On August 16, 2023

The Funologist: Russet season: Every day is its own season

 

I used to dismiss this tweeny season. The weeks of muted, russet yellows, browns and purples, that comes between the green of summer and fiery colors of fall. 

I used to lament the passing of summer, and pine for fall, and the winter ahead. And in that wishing and waiting, I overlooked this beautiful, brief, season. As if it didn’t count. 

However, now that I live by a calendar I call ‘365 seasons a year’ (part of my Funology methodosophy), I view every day as its own season. 

When I wake up, I go outside and ask myself, “what season is it—today?” Then I fully embrace whatever season that day has to offer. And go outside to work and play in it.

At some point in my life I realized that to whine and grumble about the weather, or season, meant I could (and was) wasting up to half my life—waiting. Waiting for a different season, or different weather. What a waste of precious time! So I decided to change how I thought about weather and seasons. And created my own calendar. One that celebrated today and everything it had to offer.

And that’s when I started to notice the russet season.

My favorite way to enjoy this season is while walking, running or cycling. The colors, being muted, are best viewed while moving at a slower pace and up close. 

Being outdoors and moving allows me to combine physical wellness with russet season peeping.” Also, I am turning into a color palette that while more subtle, is no less substantial than its celebrity sister — the Fall. 

A win, win, win. 

From the dirt up

I noticed that russet season starts at my feet—and moves up.

Poison ivy, that evil, stunted vine, is the first to go. Transforming overnight from a perfect, camouflage green, to a shocking, crimson red, its cover is blown. Ha! I see you.

Goldenrod, in muted, russet yellow, looks divine with the off-white of queen anne’s lace. Thistle, asters, and other purples reign over the roadsides. Burdock and poison parsnip are past their prime in shades of blessed “I see you,” dusty brown.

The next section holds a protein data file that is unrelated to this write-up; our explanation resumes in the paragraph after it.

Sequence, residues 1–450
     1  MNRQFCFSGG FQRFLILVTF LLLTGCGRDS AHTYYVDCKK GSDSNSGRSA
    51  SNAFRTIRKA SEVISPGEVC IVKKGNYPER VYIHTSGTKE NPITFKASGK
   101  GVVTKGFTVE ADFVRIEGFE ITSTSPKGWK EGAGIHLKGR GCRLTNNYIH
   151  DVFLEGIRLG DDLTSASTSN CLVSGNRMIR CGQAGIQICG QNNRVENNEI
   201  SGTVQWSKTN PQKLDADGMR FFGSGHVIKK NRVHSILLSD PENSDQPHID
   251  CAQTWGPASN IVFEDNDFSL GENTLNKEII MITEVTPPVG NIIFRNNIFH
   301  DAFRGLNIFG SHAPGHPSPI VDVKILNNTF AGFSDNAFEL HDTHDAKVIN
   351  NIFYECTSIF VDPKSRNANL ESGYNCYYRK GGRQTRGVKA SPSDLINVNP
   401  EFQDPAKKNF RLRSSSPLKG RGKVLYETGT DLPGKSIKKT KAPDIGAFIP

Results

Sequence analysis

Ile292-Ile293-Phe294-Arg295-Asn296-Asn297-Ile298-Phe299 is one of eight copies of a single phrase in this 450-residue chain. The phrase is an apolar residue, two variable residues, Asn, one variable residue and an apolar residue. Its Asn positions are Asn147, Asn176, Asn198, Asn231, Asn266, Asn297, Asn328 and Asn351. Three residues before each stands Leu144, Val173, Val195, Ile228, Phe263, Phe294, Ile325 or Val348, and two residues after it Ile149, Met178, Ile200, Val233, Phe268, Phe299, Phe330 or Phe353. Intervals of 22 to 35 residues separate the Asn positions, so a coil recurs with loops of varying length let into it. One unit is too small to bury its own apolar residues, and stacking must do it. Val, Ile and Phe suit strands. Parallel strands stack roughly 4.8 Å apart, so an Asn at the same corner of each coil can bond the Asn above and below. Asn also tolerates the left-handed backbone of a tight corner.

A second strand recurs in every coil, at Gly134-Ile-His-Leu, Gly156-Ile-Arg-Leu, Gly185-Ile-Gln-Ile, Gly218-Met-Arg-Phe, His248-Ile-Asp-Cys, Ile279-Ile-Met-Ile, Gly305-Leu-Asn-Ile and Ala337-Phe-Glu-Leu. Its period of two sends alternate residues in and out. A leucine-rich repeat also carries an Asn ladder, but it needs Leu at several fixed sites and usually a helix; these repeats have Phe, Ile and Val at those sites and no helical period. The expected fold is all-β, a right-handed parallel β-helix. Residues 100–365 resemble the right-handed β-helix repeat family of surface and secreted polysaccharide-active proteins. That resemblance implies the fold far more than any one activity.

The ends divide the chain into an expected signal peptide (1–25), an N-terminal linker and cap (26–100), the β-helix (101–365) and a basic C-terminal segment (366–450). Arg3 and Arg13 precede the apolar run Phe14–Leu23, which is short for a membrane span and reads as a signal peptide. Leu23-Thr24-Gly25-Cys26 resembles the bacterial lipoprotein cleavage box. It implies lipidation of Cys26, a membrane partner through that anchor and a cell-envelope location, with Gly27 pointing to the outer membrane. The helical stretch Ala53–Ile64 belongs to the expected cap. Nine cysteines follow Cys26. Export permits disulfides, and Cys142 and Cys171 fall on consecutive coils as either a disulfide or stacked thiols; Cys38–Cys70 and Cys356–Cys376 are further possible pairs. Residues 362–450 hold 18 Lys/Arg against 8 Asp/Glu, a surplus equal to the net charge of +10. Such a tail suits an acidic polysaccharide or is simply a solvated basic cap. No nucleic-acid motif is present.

Wild apples fall as reddish-green dots on the road, dropped from unnoticed trees, gone dark, gnarly and creepy-cool with neglect. 

And on it goes, day by day, spreading from the dirt, to the fields, up the fence lines and into the swamps. The season is a slow march, a signal change of direction. It waves to us quietly: look at me. I’m here, I matter.

From the top down

And soon, as the calendar flips to September, the showy colors of autumn begin. Starting at the colder tops of the mountains, the colors swoop down the hillsides, to the maples, oaks and birches, hunkered in the hollows.

Brown-gray season

And in the season after that, the cold, gray winds come and tumble pretty leaves into a soft-brown quilt covering the browning ground.

On its heels is the icy-white season, freezing the puddles that hide in the sunless bends. 

The gravel on my dirt road has skittles off to the sides as the road hardens in the dropping temperatures. I can do my yoga/calisthenics (I call them snowga) on the road’s smooth surface when I run to the lake prewarming for a swim (I call it snow swimming).

And now the snow-white season arrives, covering the earth as it should. We aren’t meant to see the dirt for a time. When it is resting under a downy comforter and the pale-yellow, unwarm sun, this quiet season is when the earth is preparing for next year’s color palette.

To learn more about Sandra Dee Owens, visit: sandradeeowens.com

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